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R.I.P. Data or Rip Data?

on Tuesday, 25 January 2022 in Technology & Intellectual Property Update: Arianna C. Goldstein, Editor

Plaintiffs filed a class-action suit against Morgan Stanley because sensitive client data was discovered on IT assets, which had been decommissioned and sold by Morgan Stanley.  The suit recently settled, and the resulting agreement provides insight into the data security incident, potential legal liability, and possible preventions for such issues in the future[1].

During the years 2016 and 2019 Morgan Stanley disposed of equipment that potentially contained over 15 million names, account numbers, spousal information, social security numbers, home and work contact information, and more.  Morgan Stanley disposed of the equipment without removing or wiping the sensitive data from the equipment, and did not monitor the work of a third-party vendor used to facilitate the sale of the equipment.  A third-party vendor who had purchased some used equipment from an IT vendor reported the issue when the data was discovered.   

Morgan Stanley conducted their own investigation and eventually reported the issue to the Office of the Comptroller of the Currency (“OCC”).  The OCC conducted its own investigation and then directed Morgan Stanley to provide notifications to the 15 million affected individuals[2].  The OCC also fined Morgan Stanley sixty-million dollars ($60,000,000.00) for the data security incident.  Several of the affected individuals retained counsel after receiving the notice.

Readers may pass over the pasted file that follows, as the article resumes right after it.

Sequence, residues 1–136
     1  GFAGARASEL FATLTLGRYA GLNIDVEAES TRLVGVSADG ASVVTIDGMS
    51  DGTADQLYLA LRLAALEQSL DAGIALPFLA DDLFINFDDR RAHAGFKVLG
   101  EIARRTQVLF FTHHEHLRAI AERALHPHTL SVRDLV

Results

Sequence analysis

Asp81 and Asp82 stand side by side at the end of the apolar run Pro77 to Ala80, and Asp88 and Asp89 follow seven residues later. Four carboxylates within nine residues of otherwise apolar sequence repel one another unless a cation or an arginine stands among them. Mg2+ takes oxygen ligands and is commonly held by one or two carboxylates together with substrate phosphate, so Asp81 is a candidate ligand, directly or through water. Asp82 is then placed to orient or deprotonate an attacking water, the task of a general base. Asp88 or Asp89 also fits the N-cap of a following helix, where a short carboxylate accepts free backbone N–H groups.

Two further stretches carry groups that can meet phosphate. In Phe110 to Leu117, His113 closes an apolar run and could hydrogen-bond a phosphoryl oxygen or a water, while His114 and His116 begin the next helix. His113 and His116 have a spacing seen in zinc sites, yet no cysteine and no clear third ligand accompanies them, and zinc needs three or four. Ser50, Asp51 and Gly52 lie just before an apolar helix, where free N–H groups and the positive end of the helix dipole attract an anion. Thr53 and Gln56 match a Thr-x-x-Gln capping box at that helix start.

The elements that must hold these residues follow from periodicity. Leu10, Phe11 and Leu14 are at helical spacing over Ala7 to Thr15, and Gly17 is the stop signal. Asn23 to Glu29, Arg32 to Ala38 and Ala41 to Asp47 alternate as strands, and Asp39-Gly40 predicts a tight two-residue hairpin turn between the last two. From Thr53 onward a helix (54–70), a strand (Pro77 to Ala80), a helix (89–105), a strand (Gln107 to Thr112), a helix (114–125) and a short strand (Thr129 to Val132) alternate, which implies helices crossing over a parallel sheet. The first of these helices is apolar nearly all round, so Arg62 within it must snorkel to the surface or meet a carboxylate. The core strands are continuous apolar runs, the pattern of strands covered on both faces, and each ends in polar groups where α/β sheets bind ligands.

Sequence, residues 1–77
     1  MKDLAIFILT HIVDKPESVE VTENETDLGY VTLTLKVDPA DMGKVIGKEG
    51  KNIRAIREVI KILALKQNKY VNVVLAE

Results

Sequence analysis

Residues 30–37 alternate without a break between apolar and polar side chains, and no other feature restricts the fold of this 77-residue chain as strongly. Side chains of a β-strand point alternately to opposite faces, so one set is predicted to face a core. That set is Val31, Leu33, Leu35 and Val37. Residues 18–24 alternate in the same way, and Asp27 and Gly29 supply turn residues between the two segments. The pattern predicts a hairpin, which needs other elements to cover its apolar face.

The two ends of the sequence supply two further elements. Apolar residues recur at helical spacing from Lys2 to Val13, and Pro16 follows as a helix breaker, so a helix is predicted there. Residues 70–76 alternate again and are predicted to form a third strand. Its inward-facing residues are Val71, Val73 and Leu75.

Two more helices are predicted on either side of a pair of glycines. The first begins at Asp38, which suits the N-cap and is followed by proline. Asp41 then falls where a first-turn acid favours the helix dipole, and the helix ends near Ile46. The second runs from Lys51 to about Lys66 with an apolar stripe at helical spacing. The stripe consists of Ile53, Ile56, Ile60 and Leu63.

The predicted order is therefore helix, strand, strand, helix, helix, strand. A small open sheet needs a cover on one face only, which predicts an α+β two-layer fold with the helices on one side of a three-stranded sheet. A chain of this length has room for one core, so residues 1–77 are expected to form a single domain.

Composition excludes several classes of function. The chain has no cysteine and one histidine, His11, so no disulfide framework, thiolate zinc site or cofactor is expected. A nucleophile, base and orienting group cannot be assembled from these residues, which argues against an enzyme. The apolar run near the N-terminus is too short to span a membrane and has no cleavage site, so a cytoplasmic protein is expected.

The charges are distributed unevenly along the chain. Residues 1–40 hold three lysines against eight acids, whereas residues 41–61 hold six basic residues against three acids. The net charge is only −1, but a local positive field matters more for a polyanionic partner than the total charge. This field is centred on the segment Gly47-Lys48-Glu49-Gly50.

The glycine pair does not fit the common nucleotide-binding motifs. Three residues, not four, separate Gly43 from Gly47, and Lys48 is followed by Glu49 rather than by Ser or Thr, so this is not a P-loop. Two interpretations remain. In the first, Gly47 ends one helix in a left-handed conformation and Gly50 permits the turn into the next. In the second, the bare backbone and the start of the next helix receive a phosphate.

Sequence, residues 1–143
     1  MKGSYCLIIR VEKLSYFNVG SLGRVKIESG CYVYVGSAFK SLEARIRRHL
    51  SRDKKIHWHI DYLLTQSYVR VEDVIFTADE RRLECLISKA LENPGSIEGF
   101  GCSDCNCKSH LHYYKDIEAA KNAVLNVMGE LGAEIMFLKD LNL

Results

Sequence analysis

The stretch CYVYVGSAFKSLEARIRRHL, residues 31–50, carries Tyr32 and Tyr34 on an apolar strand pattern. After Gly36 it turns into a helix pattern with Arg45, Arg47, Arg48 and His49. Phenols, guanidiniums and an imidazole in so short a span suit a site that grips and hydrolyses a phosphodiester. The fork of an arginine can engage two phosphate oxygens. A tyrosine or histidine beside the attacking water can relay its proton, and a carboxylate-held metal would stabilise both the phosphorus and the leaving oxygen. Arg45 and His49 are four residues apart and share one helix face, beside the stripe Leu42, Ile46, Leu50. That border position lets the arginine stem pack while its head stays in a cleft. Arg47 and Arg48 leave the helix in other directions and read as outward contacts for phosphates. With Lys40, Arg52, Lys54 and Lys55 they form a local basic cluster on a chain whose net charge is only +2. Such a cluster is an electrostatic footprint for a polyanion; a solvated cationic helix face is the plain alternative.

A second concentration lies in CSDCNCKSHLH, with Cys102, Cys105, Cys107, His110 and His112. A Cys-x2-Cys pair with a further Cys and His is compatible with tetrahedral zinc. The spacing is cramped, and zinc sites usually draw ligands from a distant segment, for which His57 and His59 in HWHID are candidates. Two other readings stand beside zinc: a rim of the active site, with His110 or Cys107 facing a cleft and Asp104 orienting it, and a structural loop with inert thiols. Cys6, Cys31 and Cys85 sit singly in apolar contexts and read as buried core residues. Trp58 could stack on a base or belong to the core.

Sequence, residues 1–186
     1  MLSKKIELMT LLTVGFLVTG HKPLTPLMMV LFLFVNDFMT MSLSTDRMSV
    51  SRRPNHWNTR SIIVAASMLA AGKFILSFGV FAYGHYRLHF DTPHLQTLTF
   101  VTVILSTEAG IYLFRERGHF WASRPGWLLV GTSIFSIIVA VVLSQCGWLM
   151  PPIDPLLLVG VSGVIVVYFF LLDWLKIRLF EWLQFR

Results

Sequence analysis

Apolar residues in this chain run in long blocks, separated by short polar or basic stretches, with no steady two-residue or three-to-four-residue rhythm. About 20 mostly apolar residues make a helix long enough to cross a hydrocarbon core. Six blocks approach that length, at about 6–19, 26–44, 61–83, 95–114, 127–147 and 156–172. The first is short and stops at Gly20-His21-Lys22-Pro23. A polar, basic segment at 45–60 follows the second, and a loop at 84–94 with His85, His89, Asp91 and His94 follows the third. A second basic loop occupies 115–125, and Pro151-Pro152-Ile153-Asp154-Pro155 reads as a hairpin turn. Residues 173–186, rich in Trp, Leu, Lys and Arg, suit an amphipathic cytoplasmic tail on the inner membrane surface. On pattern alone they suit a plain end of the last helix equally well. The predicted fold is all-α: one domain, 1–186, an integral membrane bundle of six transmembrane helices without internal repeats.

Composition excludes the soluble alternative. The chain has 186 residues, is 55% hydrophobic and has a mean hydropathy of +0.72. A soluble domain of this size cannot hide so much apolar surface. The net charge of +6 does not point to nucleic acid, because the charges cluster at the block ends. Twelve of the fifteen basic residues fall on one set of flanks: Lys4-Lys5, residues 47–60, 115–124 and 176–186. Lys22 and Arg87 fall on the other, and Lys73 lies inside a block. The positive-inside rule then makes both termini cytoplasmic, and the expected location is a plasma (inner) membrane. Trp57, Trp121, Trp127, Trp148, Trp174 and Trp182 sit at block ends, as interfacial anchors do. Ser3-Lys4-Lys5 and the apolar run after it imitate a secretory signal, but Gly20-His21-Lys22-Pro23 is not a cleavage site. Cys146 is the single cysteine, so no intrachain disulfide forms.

A subsequent class-action lawsuit was filed, where counsel alleged:

(1) negligence; (2) gross negligence; (3) deceptive acts and practices in violation of New York’s General Business Law; (4) breach of fiduciary duty; (5) unjust enrichment; and (6) breach of confidence.[3]

The settlement establishes a sixty-million dollar ($60,000,000.00) non-reversionary fund for credit monitoring, out-of-pocket expenses, lost time, and other benefits for the affected individuals.  Another key agreement requires Morgan Stanley to hire a third-party to track down, find, and acquire the missing decommissioned IT assets. 

This settlement is in addition to the fine levied by the OCC, bringing Morgan Stanley’s total to one hundred and twenty million dollars ($120,000,000.00) in legal costs for mismanaging the decommission of its IT assets with sensitive data being disposed of in an unsecure manner.

The data security incident and resulting fines and settlement are key reminders for all organizations that sensitive data can live on long after the thrill of living is gone, particularly on IT assets, hardware, and IOT devices.  With this in mind, all organizations should implement security policies which include:

  • Reviewing, identifying, and adhering to any data destruction requirements included in statutes, regulations, or contracts;
  • Identifying and tracking all assets that contain or potentially contain personal information;
  • Reviewing data stored on any IT asset in connection with its disposal; and
  • Disposing of all assets in a manner consistent with the data stored therein[4].



[3] at page 4.

[4] and

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